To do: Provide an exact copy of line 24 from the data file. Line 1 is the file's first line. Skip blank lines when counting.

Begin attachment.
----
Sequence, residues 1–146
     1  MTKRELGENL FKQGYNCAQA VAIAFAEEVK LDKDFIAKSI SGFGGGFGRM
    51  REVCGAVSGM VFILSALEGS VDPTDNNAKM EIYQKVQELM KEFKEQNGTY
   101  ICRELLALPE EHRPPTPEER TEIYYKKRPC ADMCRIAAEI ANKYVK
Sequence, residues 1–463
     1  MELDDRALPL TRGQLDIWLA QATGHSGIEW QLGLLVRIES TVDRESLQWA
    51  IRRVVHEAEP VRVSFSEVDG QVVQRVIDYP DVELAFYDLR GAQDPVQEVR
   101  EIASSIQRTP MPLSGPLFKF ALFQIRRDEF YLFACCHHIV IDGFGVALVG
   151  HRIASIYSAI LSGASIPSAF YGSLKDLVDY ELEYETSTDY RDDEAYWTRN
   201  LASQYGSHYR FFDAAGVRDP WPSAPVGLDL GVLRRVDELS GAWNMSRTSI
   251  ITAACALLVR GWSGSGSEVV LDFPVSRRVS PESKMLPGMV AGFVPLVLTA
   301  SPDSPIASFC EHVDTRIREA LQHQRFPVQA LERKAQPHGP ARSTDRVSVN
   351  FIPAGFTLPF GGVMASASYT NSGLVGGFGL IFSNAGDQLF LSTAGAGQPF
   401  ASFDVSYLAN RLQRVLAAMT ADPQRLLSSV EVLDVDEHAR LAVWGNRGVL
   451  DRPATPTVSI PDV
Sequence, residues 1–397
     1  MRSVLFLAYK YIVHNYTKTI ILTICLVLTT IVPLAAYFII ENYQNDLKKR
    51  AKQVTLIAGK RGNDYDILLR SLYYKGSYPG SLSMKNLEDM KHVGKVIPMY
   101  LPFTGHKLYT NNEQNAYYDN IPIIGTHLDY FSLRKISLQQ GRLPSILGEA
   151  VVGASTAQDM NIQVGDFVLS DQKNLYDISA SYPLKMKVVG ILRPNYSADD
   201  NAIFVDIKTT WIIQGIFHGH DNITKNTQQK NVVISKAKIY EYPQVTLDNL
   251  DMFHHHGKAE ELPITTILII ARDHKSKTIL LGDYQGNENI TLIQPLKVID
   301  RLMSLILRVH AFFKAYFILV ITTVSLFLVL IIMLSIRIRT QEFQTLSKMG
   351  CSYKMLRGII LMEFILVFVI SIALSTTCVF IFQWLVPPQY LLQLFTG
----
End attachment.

   351  CSYKMLRGII LMEFILVFVI SIALSTTCVF IFQWLVPPQY LLQLFTG